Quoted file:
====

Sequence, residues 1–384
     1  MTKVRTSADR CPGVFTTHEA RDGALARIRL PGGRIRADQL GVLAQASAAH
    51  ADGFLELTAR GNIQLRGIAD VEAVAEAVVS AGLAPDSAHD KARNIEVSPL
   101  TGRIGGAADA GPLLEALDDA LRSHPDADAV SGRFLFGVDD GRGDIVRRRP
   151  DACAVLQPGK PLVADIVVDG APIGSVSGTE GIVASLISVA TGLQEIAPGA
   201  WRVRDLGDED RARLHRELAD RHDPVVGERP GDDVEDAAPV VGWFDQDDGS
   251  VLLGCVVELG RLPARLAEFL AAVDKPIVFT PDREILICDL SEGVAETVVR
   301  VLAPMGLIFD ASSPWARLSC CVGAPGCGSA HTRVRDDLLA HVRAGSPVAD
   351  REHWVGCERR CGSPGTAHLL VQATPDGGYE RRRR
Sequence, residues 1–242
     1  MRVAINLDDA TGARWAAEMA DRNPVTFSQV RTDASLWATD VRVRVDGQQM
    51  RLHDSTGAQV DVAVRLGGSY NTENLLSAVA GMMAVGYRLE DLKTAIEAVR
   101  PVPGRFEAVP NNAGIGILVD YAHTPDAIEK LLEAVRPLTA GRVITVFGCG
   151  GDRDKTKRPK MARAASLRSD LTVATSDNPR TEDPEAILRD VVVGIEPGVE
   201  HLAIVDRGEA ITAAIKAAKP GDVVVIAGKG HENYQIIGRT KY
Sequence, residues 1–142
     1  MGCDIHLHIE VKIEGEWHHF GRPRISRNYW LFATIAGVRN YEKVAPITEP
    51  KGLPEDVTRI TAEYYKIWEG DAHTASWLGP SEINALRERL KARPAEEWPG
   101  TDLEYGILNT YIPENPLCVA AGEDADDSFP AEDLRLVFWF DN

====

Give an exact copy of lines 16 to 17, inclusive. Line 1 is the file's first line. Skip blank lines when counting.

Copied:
Sequence, residues 1–142
     1  MGCDIHLHIE VKIEGEWHHF GRPRISRNYW LFATIAGVRN YEKVAPITEP